Citrus County roadways claimed nine lives in the past 30 days. This is not to be taken lightly, and I feel confident that the families who have lost loved ones do not think Citrus roads are safe. Law enforcement executives need to immediately respond to understanding the commonalities of this spike in traffic deaths. Selective Traffic Enforcement Programs (S.T.E.P.) and highway traffic crash mitigation require intelligence and data analysis. Selecting site locations, target violations for enforcement, and analyzing time of day/day of the week is key to reducing risk and reducing both the severity and frequency of crashes. Enlisting county and roadway engineers should be considered. Are there other environmental factors contributing to crashes?

STEP is conducted throughout the year and is a high-visibility ongoing strategy. Experienced law enforcement leaders do not use a random happenstance approach because it is not effective. Evidence of this lack of specific strategies is clear with the fatalities in the years 2017 (31), 2018 (37), and 2019(23). Patrol units remaining on one major highway when under construction may make one road safer but renders the remaining roads and motorists vulnerable. Communication and education are key to changing future driver behavior. An immediate strategy of using flashing board signs, temporary lighting of the dangerous intersections, and focused traffic enforcement operations in those areas would be an immediate response. Creative yellow flashing speed signs leading up to these intersections should be considered immediately. Inexperienced law enforcement leaders believe issuing a high number of random citations throughout the year will reduce crashes, injuries and deaths, however, this has proven to be ineffective throughout the country and certainly here in our hometown as well. Traffic safety is everyone’s responsibility but prudent and concerned leaders can make a difference.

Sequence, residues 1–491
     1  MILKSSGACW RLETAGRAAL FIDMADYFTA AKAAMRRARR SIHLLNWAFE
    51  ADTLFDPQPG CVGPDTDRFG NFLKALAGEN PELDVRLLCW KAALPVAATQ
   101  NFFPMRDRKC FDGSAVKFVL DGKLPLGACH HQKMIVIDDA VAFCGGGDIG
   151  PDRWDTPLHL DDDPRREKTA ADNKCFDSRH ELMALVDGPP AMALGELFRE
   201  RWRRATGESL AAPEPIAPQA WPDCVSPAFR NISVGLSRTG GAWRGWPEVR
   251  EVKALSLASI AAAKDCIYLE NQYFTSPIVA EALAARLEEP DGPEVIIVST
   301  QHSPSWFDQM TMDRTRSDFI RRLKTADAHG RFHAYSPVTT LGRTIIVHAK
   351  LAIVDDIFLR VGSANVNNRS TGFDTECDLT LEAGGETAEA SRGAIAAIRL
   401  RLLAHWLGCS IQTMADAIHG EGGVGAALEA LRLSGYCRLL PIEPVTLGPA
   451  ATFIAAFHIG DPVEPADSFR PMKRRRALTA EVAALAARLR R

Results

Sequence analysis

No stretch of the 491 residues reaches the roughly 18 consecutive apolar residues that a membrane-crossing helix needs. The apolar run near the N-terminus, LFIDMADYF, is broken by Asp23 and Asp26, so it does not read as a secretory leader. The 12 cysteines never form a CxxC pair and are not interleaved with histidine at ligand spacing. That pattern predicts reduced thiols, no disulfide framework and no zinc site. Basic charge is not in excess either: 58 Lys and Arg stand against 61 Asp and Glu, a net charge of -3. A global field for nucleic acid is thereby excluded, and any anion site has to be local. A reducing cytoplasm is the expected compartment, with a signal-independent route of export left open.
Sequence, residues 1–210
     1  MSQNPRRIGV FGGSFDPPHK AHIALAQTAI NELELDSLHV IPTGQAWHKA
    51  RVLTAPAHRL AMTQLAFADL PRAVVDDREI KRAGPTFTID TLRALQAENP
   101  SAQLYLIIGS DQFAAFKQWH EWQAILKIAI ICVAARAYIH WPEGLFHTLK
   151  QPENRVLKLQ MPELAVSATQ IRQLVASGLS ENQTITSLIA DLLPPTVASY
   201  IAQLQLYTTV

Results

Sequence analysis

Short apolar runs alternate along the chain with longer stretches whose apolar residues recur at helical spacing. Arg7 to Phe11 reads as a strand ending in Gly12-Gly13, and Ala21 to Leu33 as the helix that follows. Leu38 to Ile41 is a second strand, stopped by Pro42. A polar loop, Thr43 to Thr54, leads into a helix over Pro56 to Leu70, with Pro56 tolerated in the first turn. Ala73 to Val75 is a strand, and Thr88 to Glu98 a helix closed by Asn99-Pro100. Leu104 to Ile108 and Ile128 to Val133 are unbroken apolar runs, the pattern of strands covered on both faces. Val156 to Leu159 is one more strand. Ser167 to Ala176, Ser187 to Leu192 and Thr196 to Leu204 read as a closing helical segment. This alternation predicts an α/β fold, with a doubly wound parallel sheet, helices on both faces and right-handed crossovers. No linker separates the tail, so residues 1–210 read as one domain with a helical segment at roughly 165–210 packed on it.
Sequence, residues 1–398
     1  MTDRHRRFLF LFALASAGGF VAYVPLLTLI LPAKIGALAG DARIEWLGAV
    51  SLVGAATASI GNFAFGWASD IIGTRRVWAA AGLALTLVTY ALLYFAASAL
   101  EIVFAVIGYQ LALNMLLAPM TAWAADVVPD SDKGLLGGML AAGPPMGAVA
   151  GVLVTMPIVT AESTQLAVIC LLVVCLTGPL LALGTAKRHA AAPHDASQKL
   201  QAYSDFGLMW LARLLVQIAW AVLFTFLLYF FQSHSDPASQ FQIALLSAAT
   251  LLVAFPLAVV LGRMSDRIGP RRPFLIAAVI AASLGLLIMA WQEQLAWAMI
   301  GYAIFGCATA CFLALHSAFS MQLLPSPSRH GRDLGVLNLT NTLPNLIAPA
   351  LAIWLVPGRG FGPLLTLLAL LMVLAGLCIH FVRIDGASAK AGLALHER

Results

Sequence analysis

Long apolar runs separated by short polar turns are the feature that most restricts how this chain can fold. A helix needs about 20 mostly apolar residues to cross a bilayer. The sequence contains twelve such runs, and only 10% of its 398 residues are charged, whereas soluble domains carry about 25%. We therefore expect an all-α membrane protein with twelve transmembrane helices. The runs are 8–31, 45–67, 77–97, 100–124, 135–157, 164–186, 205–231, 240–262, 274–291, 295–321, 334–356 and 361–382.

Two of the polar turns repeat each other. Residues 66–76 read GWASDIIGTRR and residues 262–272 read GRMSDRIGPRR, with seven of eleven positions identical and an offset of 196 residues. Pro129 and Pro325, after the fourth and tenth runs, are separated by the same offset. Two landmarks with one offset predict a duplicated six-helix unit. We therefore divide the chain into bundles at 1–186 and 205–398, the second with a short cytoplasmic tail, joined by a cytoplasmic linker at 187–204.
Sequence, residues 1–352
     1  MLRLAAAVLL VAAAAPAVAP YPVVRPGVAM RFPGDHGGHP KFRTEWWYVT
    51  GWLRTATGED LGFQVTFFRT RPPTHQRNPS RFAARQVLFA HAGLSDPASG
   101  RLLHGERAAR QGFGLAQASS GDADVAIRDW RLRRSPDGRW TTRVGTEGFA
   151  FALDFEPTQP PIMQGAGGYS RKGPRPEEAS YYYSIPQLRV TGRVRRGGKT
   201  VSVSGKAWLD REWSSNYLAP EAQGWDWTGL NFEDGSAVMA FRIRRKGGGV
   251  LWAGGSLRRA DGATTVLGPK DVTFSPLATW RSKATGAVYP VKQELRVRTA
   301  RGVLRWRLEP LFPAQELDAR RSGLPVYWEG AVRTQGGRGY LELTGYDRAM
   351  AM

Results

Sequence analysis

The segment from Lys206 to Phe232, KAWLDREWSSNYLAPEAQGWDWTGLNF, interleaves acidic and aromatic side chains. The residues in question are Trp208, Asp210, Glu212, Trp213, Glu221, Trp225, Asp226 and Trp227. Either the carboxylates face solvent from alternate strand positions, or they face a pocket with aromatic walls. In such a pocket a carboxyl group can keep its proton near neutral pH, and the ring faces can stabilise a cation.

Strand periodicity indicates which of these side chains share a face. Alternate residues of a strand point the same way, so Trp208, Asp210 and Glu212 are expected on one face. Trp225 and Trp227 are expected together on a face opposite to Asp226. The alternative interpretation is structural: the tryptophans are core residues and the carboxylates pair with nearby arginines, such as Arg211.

Maj. Mel Eakley (ret.)